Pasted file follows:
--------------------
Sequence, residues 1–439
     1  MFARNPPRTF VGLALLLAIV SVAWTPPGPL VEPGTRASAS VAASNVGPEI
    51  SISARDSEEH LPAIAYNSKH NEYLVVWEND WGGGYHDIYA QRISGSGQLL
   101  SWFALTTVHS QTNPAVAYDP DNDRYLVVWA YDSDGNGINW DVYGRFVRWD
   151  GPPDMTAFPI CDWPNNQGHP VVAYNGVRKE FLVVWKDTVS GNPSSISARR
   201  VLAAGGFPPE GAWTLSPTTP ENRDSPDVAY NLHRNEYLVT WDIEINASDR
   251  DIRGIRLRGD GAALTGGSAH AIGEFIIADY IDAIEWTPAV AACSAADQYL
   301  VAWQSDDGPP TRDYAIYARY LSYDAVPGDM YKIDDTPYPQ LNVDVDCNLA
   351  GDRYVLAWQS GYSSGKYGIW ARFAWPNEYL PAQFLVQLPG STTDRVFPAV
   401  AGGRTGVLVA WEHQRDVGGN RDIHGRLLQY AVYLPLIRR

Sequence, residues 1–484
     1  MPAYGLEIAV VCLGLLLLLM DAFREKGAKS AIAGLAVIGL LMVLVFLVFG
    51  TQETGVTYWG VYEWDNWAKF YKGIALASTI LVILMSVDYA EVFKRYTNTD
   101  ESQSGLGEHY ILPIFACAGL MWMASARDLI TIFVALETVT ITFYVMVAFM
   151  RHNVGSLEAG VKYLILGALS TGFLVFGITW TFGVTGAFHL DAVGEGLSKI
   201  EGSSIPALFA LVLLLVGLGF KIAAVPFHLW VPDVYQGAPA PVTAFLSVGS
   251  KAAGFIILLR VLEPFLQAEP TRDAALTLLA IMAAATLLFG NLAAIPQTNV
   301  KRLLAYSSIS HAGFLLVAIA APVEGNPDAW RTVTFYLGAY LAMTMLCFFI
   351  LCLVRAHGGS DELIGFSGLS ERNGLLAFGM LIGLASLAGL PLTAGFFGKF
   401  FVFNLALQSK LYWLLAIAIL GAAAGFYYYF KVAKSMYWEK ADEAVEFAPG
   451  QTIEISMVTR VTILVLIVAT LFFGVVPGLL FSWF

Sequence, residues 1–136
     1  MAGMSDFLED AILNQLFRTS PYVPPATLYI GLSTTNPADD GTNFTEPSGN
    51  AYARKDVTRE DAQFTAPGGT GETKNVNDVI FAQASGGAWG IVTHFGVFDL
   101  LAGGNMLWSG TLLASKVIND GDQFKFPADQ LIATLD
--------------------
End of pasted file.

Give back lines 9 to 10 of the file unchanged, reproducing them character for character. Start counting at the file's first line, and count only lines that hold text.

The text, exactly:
   351  GDRYVLAWQS GYSSGKYGIW ARFAWPNEYL PAQFLVQLPG STTDRVFPAV
   401  AGGRTGVLVA WEHQRDVGGN RDIHGRLLQY AVYLPLIRR